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Increases In Deportation Leads To Increase In Legal Action Plans

This blog has reported stories regarding the increase in deportation efforts and goals that immigration officials have set for 2011. Many undocumented immigrants have grown nervous about the increased enforcement and have decided to draft legal documents that spell out what should happen to their families and assets should they be deported.

Florida deportation defense attorneys are aware that many children of undocumented workers can be stranded at school when parents are arrested at work. Immigrant families in Arizona reportedly began creating informal plans back in 2006, when Immigration and Customs Enforcement agents were raiding work sites to round up undocumented workers, according to Cecelia Menjivar, a professor of sociology at Arizona State University.

Menjivar says that as ICE increased raids, many families created informal emergency plans because spouses of workers did not always have access to the worker's bank accounts. Undocumented foreign nationals with children would make informal arrangements for care of their children should they be caught up in an ICE raid.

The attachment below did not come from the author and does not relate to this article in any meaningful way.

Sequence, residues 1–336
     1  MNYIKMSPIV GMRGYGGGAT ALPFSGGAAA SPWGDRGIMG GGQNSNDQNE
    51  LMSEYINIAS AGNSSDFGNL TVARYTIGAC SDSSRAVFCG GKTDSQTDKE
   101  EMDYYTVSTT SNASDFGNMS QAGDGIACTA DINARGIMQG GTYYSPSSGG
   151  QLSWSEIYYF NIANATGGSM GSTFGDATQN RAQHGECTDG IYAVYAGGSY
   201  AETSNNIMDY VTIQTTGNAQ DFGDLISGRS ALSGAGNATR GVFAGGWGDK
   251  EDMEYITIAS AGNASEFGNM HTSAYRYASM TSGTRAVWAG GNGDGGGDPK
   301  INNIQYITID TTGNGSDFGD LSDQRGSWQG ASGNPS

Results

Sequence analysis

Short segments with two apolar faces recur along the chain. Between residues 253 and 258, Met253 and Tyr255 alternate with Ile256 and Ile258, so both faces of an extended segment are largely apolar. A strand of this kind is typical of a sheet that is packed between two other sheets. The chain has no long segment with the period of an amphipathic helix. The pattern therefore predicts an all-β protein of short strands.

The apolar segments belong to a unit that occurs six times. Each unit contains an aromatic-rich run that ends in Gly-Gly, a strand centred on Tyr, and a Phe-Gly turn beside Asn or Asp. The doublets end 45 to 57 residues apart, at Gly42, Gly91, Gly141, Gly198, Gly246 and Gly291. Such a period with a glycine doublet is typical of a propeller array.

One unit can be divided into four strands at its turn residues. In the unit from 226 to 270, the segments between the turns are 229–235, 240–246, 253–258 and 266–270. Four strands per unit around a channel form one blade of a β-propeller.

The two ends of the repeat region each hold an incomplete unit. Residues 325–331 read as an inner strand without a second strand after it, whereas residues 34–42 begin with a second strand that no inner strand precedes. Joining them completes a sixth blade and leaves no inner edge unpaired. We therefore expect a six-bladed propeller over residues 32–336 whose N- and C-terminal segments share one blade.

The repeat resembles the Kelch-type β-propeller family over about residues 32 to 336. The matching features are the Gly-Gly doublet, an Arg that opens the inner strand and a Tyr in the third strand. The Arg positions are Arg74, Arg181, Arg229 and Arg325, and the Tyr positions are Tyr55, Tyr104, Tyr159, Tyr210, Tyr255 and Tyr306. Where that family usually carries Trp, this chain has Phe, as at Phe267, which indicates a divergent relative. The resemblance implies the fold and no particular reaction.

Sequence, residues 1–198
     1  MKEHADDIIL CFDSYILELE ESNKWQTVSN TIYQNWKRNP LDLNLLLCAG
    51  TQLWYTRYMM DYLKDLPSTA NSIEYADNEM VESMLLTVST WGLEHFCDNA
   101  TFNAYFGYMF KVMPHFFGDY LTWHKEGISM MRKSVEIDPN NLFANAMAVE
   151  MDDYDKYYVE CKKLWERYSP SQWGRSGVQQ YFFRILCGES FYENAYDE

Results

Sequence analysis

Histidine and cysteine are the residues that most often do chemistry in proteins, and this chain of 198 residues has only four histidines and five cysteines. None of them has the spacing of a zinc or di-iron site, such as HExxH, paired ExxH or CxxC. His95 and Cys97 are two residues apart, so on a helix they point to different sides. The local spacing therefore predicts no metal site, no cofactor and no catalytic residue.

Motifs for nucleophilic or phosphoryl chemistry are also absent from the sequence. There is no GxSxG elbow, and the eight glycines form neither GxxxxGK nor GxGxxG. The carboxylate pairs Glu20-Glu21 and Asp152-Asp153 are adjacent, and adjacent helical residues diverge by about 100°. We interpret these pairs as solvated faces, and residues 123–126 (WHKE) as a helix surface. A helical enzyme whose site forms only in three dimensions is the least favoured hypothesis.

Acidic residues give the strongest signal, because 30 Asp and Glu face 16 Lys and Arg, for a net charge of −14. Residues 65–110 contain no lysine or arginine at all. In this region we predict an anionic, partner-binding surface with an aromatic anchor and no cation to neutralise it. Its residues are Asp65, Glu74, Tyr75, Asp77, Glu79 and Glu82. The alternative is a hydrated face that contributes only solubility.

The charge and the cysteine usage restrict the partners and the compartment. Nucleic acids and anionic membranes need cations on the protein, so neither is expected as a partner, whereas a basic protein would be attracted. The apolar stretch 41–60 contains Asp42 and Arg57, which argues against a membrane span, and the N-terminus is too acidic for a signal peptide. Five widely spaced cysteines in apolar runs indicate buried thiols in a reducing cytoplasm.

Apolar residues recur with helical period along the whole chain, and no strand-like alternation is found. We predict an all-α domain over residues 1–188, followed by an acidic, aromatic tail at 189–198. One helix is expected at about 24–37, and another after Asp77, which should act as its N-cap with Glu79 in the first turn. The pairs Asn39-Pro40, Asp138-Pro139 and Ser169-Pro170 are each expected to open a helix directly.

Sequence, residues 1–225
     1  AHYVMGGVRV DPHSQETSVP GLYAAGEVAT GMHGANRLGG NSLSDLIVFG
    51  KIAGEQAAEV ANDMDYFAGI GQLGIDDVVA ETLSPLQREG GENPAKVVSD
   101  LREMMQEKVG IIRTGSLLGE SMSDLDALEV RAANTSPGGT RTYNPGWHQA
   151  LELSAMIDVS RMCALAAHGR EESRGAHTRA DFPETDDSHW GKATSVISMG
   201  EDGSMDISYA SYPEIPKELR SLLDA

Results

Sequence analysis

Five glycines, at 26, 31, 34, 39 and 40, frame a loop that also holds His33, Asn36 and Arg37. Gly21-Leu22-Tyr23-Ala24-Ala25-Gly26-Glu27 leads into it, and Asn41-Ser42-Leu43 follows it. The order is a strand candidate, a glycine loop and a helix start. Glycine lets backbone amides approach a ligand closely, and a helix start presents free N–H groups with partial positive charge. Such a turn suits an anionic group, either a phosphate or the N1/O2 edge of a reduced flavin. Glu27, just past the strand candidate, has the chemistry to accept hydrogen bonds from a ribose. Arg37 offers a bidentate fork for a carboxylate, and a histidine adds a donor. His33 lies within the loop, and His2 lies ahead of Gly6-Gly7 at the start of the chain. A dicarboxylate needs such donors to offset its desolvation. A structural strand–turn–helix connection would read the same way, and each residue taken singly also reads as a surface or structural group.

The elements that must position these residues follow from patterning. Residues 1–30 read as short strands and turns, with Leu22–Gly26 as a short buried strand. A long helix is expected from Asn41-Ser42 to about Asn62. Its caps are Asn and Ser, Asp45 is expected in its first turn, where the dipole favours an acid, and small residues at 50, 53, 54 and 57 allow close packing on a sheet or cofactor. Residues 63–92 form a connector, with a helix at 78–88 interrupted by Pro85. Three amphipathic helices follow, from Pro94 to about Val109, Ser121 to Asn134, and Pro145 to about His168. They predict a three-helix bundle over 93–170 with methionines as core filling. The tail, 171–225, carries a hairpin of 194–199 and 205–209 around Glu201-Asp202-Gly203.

Now many immigration attorneys and estate planning attorneys reportedly are seeing an increase in requests for legal actions plans. Congressional failure to act on immigration reform in 2010 is cited as one factor in the increase in requests for action plans, according to many experts. Increases in deportations also factors in to the increase in formal legal action plans.

Arizona's immigration law has caused fears in many in that state, though the law is embroiled in court proceedings. Other states, including Florida are considering similar anti-immigration laws.

For many, a notarized letter may suffice as an action plan. Many plans designate who is responsible for children should an undocumented parent be subject to deportation. One 24-year-old woman, who is pregnant, has had documents drawn up to ensure her partner, a legal resident, gets custody of her child should she be deported. The woman does not want to see her child enter the foster care system.

Source: USA Today, "Deportation fears fuel action plans," Alan Gomez

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